Customers who make it to the conversion stage must feel that your product is superior to the other solutions they did not choose. To accomplish this, the content you present must positively differentiate your product from the pack. Some types of content that can be helpful within the conversion stage are:
- Free Trial Offers
- Product Demos
- Case Studies
You already made the sale, collected the money, and closed the door, right? Wrong. Retention is a vital part of the buyer’s journey – and the business they interact with. According to this SemRush study, an average of 68% of new customers come from current customers. This means that over half of your future business is in the hands of past buyers. If you fail to keep these buyers engaged and informed of new products, deals, or sales, you are hurting your chances of retaining that business.
To keep past customers engaged, you must continue to provide value. This can be accomplished through educational content, promotions, free products, or personalized deals. Since acquiring new customers is more costly than retaining older ones, you need to keep this bottom of the funnel content fresh, relevant, and enticing. Types of content that can be helpful within the retention stage:
- Customer loyalty program
- Newsletter with member-only deals
- Personalized content
If your friend refers you to a product or a service – would you be more willing to try it over an unknown source? Of course. People respect peers and friends, and if a product or service is referred to them by someone who sings its praises – they may immediately move down the funnel and directly into conversion.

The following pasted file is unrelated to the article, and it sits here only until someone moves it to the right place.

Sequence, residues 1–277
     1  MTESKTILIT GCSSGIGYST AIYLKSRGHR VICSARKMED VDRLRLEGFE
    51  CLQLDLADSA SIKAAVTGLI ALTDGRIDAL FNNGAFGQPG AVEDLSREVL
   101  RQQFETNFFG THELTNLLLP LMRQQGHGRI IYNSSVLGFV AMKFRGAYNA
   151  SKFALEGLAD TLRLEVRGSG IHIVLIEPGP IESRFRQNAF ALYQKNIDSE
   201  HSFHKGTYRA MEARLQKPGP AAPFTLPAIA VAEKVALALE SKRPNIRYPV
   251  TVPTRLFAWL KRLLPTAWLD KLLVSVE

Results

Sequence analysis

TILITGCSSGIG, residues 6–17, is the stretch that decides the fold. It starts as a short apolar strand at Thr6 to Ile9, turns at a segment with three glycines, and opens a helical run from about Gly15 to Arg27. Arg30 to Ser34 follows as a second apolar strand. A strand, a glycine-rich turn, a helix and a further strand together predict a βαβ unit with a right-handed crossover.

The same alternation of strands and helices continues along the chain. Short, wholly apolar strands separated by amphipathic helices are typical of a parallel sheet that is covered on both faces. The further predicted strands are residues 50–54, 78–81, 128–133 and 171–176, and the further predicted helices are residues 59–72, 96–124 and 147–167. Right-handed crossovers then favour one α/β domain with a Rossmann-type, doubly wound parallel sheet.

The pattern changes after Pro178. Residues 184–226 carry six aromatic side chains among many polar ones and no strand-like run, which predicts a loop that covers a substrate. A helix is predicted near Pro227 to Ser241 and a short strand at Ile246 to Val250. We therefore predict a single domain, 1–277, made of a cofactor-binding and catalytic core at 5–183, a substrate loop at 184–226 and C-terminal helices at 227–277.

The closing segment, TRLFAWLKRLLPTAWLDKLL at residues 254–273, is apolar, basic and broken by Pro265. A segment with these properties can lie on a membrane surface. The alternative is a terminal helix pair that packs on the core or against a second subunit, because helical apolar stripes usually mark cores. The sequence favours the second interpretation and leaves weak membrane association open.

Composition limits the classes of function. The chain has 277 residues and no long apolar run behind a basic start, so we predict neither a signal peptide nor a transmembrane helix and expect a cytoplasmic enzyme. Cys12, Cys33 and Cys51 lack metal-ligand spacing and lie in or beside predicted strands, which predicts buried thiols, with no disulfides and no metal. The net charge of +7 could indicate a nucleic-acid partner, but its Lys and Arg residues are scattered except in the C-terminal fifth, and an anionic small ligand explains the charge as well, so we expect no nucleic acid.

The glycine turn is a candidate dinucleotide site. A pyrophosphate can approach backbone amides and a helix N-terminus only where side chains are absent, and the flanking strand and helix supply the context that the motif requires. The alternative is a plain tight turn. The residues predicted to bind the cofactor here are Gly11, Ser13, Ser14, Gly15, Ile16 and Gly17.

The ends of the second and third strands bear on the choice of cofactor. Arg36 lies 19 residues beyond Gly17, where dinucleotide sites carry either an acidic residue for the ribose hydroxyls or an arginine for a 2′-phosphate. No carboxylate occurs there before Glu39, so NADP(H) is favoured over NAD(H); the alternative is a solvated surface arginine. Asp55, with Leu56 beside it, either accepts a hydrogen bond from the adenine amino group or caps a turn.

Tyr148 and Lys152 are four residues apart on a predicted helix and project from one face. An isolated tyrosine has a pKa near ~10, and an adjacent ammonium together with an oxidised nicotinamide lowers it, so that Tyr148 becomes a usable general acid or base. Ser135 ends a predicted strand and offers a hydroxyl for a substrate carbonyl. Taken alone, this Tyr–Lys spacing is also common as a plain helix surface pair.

In fact, new customers acquired through referrals have a 37% higher retention rate than those acquired through other means. To capture these potential referrals, offer referral discounts or money off of the next purchase. Anything to get your current customers to buy your product. Types of content that can be helpful within the referral stage:
- Special promotions
- Free trials
Create a Buyer’s Journey Map
As we discussed earlier, your customers do not follow the same buying journey. While they will eventually phase through the awareness, consideration, conversion, retention, and referral steps – they do so at their own pace. They can also get stuck at specific places within the journey or fall out of your funnel entirely.
To more intimately understand your buyer’s journey and have physical documentation for your business, you should create an effective buyer’s journey map. Journey maps are just that – a visual representation of your customer journey that tells the story of your customers’ experiences across all compelling touchpoints. It is a very informative exercise that will help your businesses step into your customer’s shoes and view your business from their perspective. It also provides you additional insights into any customer pain points and gives you examples of how you can optimize and improve your processes.
Just like the customer journey, you can have multiple journey maps for various customers. Each journey will be different from the customer who needs your product right now to the one who a friend referred. While creating a journey map takes time – it is a great exercise that helps you intimately identify your specific customers and how they interact with your brand, from awareness to retention.
Your Buyers Journey Should Never End
When your buyer moves from awareness to retention, their journey is not at an end. Most buyers are not impulsive. Even the one who had a tire blow out on the side of the road and needs new tires will go through an extensive decision-making process before converting. Since we know that the buyer’s journey isn’t linear, it’s crucial for your business to always present answers to problems for potential customers – no matter where they are within their buying journey.
You need to seriously consider every piece of content you present at every stage of your buyer’s journey. Knowing your audience and how to deliver content the right way within the buyer’s journey is critical for the success of your business. With the right mix of content, encouragement, and engagement, you will be able to find, encourage and support your buyers throughout the journey and ensure that they keep coming back for more.
It doesn’t matter if your buyer is looking for a need or a want. What matters is that you have the right tire at precisely the right time.